Lucky Liverpool: John Edwards: “There would have been little cause for celebration in Kenny Dalglish’s playing days, or first spell as manager, for that matter, but a scrambled own goal was enough to light up Anfield with its favourite son’s trademark beaming smile. Nothing less than the title would do in Dalglish’s time as player and rookie boss, but times have changed. Back in the hot seat, and surely detecting a perceptible rise in the temperature, one of the most revered names in the club’s history is charged with reviving fortunes that have faltered alarmingly over the past 18 months.”
Rory Smith pinpoints the importance of Kenny Dalglish. “With Liverpoolâ€™s lead a slender, lucky one, their play lacklustre and their goal under siege, a roar washed down the Kop, as it has so many times in this most underwhelming of seasons. This time, though, it was a guttural expression of support, rather than frustration. Such is the impact of the return of the King. Should there be any doubt as to how much has changed in the 18 days since Kenny Dalglish confirmed Roy Hodgsonâ€™s place as a footnote in Anfield history, it could be measured in how this ground responded to seeing its heroes defending desperately against foes ordinarily little more than cannon fodder. When Hodgsonâ€™s sides struggled to keep lesser sides at bay, Anfield howled in derision, a sense that justice should be meted out to those betraying Liverpoolâ€™s traditions, eroding even the oldest of loyalties. Last night, as Dalglishâ€™s team did it, their every breath dedicated to keeping Fulham out and holding on to a lead gifted to them by John Pantsilâ€™s misfortune, all 40,466 in attendance manned the battlements. After two years of division, this is a club united behind its ultimate standard bearer.”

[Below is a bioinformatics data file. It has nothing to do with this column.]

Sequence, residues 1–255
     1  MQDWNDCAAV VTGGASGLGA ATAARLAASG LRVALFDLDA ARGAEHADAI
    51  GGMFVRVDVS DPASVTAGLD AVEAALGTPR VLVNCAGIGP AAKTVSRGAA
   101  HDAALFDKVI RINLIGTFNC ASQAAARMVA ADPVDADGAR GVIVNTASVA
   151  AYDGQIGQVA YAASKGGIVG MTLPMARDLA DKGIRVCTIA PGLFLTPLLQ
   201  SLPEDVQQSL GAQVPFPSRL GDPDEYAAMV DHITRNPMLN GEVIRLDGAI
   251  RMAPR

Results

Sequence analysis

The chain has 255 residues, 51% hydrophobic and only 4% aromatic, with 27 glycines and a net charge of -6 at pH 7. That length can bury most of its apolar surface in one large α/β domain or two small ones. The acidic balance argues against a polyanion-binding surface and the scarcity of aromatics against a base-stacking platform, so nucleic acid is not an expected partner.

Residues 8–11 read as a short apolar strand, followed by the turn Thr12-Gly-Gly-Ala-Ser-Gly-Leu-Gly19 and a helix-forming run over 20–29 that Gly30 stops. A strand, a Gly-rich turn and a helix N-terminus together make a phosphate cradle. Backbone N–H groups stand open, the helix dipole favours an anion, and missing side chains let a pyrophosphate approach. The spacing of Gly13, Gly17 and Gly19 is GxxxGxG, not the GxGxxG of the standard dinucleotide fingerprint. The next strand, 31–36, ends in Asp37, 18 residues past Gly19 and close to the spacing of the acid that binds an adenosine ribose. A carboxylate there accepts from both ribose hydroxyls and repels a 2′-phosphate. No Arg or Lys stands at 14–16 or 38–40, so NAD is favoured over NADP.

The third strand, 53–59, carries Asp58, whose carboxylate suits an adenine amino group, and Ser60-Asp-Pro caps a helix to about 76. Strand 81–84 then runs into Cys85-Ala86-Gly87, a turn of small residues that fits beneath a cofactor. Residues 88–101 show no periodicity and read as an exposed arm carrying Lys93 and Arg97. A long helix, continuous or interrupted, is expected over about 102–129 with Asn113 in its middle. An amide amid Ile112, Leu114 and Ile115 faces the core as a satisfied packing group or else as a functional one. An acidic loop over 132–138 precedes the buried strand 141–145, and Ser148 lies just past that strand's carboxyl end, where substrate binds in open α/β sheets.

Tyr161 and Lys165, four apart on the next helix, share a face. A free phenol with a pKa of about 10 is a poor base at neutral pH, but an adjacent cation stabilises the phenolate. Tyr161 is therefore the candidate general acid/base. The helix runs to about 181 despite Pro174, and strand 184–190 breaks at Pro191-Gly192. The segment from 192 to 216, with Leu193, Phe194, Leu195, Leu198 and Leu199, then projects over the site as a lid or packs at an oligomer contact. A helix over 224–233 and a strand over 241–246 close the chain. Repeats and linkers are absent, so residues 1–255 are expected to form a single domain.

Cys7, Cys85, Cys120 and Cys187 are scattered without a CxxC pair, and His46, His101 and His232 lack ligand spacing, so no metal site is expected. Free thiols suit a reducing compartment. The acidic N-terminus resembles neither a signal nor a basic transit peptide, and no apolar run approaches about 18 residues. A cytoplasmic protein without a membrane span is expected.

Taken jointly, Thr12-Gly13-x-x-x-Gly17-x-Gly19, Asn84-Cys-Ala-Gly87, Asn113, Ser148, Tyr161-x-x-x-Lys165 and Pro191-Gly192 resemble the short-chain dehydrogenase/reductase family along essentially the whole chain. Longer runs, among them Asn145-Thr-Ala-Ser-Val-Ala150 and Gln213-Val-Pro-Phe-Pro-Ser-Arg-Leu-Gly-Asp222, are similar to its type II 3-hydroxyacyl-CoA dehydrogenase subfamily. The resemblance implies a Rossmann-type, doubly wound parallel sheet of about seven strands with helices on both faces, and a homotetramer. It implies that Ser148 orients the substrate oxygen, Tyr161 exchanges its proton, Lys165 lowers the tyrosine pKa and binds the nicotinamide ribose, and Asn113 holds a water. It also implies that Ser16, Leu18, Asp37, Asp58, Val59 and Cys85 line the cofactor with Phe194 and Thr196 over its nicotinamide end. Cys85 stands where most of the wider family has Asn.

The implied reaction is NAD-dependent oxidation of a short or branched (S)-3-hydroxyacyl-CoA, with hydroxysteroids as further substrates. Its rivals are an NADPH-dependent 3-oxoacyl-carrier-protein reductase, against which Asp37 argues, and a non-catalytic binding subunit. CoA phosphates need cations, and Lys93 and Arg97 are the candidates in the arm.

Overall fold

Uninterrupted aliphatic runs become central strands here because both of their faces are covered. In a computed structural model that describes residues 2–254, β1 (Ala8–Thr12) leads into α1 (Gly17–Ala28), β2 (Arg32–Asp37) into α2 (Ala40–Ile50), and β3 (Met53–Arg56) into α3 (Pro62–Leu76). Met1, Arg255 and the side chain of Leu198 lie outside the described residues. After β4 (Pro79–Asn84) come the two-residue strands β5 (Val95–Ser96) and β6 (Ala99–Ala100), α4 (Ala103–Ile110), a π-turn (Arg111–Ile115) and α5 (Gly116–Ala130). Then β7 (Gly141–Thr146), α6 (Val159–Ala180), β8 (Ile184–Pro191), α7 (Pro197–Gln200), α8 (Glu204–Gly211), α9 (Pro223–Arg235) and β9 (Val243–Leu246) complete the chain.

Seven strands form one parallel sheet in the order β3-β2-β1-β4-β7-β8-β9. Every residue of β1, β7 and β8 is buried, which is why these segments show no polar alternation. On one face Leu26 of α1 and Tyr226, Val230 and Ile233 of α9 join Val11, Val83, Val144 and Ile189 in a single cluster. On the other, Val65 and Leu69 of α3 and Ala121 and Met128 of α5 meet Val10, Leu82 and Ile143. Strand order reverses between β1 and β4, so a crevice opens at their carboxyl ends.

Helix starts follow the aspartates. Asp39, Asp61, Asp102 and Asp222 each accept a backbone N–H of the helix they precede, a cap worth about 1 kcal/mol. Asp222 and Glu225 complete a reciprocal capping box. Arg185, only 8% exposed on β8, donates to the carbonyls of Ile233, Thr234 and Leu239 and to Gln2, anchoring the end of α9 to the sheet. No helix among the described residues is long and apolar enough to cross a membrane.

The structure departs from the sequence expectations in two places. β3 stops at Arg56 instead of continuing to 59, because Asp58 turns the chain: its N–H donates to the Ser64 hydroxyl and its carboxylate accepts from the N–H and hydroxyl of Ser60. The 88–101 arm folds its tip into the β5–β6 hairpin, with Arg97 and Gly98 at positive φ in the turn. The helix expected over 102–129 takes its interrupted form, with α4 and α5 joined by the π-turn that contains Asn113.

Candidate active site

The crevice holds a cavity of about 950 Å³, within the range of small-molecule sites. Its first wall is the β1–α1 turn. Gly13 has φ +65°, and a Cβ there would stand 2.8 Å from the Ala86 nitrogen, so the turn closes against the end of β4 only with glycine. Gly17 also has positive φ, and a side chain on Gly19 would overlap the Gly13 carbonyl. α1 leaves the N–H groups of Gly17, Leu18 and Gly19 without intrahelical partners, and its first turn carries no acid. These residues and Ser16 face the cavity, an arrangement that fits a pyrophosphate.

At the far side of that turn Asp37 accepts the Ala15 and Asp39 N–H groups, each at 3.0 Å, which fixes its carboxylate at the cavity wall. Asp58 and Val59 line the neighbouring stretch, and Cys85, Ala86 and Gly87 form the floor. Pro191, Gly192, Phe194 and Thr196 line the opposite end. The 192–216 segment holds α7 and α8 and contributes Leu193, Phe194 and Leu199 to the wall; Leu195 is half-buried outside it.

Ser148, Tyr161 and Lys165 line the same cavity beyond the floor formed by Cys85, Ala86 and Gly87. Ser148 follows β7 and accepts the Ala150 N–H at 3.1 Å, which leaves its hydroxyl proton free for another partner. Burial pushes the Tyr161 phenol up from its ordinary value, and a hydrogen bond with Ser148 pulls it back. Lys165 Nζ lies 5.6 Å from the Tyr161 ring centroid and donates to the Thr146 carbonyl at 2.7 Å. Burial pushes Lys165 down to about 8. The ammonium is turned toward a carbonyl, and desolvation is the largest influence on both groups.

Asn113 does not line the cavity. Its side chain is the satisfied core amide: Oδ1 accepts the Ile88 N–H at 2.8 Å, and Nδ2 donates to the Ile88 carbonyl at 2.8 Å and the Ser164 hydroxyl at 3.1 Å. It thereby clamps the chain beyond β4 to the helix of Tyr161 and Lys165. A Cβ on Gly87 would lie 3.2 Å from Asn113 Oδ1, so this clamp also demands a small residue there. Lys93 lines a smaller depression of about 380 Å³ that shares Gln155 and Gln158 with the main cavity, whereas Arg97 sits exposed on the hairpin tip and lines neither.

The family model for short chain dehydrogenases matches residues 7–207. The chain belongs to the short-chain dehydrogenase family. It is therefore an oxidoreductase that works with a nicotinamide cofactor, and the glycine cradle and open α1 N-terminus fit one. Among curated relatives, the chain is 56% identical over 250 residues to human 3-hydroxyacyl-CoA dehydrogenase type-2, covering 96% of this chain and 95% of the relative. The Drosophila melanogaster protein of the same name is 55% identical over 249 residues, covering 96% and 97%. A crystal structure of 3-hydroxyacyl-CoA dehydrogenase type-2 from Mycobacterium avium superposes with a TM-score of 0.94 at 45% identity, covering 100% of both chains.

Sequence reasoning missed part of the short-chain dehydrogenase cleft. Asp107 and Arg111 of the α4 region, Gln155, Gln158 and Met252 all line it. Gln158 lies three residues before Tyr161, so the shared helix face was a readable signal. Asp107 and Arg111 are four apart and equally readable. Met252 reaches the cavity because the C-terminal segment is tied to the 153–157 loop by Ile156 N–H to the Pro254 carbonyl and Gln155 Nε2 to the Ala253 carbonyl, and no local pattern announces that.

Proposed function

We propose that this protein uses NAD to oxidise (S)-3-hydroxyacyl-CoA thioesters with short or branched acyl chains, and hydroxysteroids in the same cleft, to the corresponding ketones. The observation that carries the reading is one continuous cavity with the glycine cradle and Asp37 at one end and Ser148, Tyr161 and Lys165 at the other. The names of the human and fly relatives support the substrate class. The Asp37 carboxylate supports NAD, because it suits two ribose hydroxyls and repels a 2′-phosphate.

Charlie Adam’s transfer: The lead story in The Sun reveals “Ian Holloway will receive a slice of any transfer fee for Charlie Adam. The Blackpool boss has admitted he stands to pick up a share of any profit made on the midfielder, although he will not reveal how much. But Holloway says he is not doing anything wrong and insists the bonus is not the reason he is demanding Â£12million for his star player. Ollie said: ‘I do get rewarded with anybody I coach and make a profit on. My chairman looked at my record of producing players and helping players and selling them on and he wanted that at Blackpool. That’s not what I’m doing it for. I’m on a far bigger bonus to keep us in the Premier League and Charlie Adam can help me do that.”